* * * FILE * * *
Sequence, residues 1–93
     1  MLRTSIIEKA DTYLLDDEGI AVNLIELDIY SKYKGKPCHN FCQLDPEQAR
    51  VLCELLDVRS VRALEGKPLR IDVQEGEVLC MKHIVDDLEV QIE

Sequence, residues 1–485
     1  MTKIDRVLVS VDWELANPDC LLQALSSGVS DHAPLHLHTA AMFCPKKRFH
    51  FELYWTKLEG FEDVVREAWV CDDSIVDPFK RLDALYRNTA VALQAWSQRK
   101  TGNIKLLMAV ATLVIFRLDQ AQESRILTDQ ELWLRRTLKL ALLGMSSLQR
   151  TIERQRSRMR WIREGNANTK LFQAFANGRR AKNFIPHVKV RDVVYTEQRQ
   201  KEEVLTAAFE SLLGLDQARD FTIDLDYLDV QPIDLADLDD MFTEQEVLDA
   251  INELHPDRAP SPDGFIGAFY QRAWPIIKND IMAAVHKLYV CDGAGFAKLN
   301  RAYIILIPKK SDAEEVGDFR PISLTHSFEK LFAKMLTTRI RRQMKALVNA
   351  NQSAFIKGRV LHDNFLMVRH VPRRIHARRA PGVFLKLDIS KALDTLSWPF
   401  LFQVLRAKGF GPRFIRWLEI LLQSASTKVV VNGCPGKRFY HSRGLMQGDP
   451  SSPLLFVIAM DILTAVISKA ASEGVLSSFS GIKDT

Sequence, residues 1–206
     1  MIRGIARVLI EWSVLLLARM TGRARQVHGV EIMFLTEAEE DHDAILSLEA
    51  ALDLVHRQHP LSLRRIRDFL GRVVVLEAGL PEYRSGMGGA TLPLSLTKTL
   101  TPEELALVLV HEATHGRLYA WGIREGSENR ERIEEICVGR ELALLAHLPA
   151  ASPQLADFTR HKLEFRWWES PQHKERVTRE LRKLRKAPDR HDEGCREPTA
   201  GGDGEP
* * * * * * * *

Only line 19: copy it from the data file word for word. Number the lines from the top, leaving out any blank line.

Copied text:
   151  ASPQLADFTR HKLEFRWWES PQHKERVTRE LRKLRKAPDR HDEGCREPTA